Many members of the Assembly contributed to the debate, and every speaker expressed concern with the possibility that the Constitution enacted by the Constituent Assembly might be altered or substantially modified by the military government. In the end, leading members of the assembly approached the representatives of the Federal Military Government and obtained the verbal assurance that its intention was not to alter the Constitution as approved by the Constituent Assembly.
Despite its oral assurance to the members of the Constituent Assembly, the military government did make some alterations in the Constitution as approved by the assembly. In fairness it must be admitted that one or two of the alterations were made in the public interest. The rest, no doubt, were made because the military government felt that it could not trust the members of the assembly to approve them. The opinion is widely held among Nigeria’s political leaders that these alterations, however well motivated, should have been made only with the approval of the Constituent Assembly, which could easily have been summoned for that purpose. In a decision of the Supreme Court of Nigeria, a Supreme Court Justice who was chairman of the Constituent Assembly said:
It is the duty of this court to bear constantly in mind the fact that the present Constitution has been proclaimed the Supreme Law of the Land… that it was made, enacted and given by the People of the Federal Republic of Nigeria to themselves in Constituency assembled- for which reason and because it is autochthonous, it, of necessity, claims superiority to and over and above any other Constitution ever devised for this country – the unwarranted inter-meddlesomeness of the military authority concerning some of its provisions notwithstanding [emphasis added].
The portion of the quotation in bold italics demonstrates that the learned justice of the Supreme Court, who was aware of the oral assurance of the military government, did not take kindly to what he termed its “unwarranted inter-meddlesomeness” with the Constitution as approved by the Assembly over which he had presided.
You will find strong corroboration of what I have narrated regarding the role of the Obasanjo Administration in the making of the 1979 Constitution in the last chapter of a monograph by the late Sir Udo Udoma of blessed memory published in 1994 and entitled History and the Law of the Constitution of Nigeria. What he had to say at pages 390 to 392 of his work is revealing and I crave your indulgence to read passages from it:
In 1977 after the inauguration of the Constituent Assembly by the Military Head of State and the Supreme Military Council Lt. General Olusegun Obasanjo, Commander-in-Chief of the Armed Forces of the Federal Republic of Nigeria, it became perfectly clear that the success of the Constituent Assembly was reasonably certain and assured. Then during the progress of the work of the Constituent Assembly, the author, as Chairman of the Constituent Assembly, was approached by the Head of the Supreme Military Council and Commander-in-chief of the Armed Forces of the Federation with a request that certain existing enactments some of the most important of which were (1) The Nigerian Security Organization Decree, 1976; and (2) The Land Use Decree, 1978 be adapted and incorporated to form part of the Constitution of the Federal Republic of Nigeria. In the course of discussion, the Head of the Supreme Military Council and Commander-in-Chief of the Armed Forces of the Federation was anxious that the request should be complied with because the Supreme Military Council did not wish the civilian government likely to be its successor to be able to have the laws amended with ease in the event it disagreed with some of their provisions.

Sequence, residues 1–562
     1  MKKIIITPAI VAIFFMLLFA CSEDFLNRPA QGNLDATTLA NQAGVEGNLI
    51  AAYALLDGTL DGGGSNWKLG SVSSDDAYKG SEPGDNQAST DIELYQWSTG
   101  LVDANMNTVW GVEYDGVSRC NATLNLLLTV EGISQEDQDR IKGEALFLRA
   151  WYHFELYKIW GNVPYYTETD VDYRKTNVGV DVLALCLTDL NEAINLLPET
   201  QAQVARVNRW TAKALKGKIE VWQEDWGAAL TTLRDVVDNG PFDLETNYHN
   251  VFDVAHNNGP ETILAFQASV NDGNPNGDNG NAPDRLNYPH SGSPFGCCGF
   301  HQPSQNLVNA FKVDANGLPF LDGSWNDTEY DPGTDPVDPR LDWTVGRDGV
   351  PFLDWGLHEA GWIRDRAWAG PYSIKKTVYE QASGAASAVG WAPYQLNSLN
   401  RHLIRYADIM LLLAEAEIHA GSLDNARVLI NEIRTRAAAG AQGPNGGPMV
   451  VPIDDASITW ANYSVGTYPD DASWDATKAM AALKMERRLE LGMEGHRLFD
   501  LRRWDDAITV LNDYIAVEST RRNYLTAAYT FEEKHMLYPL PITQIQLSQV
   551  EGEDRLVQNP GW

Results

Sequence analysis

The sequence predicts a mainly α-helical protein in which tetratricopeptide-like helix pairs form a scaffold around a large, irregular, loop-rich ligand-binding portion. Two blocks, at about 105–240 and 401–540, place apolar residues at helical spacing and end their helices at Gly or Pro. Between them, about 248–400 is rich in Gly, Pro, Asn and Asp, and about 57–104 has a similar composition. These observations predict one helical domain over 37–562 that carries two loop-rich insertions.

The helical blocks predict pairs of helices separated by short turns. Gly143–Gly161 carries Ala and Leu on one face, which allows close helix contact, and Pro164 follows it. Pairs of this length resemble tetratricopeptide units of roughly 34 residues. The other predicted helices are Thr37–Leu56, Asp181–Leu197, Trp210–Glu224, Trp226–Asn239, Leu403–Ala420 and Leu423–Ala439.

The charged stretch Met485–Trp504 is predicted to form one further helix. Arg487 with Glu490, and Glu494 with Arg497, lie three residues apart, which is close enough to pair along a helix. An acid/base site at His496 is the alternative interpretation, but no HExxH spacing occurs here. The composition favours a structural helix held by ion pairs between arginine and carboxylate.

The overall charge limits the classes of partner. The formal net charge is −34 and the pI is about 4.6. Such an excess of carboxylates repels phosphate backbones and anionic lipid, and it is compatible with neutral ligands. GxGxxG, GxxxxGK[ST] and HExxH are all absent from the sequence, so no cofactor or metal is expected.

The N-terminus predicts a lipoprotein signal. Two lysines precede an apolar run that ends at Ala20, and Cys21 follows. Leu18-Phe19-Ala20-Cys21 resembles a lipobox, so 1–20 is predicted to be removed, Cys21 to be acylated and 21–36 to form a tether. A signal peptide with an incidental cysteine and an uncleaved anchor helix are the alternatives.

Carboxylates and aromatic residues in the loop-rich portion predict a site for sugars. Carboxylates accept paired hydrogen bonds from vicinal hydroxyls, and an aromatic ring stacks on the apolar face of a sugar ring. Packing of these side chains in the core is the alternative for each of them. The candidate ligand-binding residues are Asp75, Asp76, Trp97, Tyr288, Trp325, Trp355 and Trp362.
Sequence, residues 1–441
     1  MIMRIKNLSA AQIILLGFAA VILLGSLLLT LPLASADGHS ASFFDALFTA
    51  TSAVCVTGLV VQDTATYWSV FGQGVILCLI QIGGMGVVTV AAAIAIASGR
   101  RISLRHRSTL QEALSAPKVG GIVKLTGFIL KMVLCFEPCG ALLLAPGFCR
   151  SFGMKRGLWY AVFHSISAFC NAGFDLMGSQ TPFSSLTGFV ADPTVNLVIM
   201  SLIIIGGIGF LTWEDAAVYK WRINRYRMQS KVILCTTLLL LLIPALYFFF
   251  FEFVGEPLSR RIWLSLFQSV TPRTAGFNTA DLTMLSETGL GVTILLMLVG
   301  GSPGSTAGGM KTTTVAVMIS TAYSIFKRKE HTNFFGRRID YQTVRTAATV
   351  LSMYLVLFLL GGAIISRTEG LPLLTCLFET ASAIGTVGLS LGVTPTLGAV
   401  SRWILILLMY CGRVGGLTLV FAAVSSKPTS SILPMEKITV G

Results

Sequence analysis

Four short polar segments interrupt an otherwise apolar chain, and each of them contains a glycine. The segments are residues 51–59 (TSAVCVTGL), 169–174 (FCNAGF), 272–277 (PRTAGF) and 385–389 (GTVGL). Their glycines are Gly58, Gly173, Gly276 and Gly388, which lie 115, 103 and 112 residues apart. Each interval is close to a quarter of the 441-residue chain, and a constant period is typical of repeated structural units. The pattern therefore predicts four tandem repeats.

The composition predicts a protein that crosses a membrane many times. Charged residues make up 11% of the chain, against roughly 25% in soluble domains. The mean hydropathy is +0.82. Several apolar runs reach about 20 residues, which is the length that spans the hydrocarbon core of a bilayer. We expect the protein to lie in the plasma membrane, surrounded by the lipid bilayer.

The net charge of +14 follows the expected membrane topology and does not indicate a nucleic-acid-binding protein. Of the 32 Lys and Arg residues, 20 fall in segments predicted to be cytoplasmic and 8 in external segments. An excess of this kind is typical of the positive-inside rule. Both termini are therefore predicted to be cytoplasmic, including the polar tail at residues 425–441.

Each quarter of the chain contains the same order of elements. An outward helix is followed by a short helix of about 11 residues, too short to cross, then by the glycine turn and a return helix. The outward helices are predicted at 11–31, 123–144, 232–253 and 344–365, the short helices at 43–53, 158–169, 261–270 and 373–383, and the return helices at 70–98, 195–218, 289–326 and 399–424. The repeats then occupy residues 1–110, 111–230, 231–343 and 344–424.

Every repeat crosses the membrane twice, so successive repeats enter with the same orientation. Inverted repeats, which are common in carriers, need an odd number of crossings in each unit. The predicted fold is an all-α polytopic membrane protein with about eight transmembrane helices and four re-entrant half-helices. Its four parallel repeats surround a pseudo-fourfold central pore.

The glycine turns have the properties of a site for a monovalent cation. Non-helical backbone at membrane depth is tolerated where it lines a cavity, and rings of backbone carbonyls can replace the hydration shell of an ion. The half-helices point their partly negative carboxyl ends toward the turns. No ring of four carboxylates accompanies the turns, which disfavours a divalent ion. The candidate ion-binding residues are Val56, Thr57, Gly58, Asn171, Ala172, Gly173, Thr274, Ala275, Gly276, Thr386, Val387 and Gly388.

In spite of the pressure exerted on the author to use his good offices to bring similar pressure to bear on the Constituent Assembly to comply with the request of the Supreme Military Council, the author refused to yield. He remained consistently adamant; but could only promise that, in accordance with Parliamentary practice and procedure, all he could do was to accept such enactments and exhibit the same on the high table of the Constituent Assembly at the same time drawing the attention of the members thereto. It would then be open to any member or members of the Assembly sufficiently interested, to call for a debate over the enactments. Otherwise, the Decrees would continue to lie on the table of the House.
Having become aware of the attitude of the members of the Constituent Assembly in relation to the enactments which were completely ignored, the Supreme Military Council on its own volition decided to have those enactments, including the Nigerian Security Organization Decree, 1976 and the Land Use Decree, 1978 entrenched in the Constitution of the Federal Republic of Nigeria, 1979 as a means of protecting them from irrational amendments and thereby accord them perpetual existence. Thereupon the enactments were inserted as forming part of the Constitution.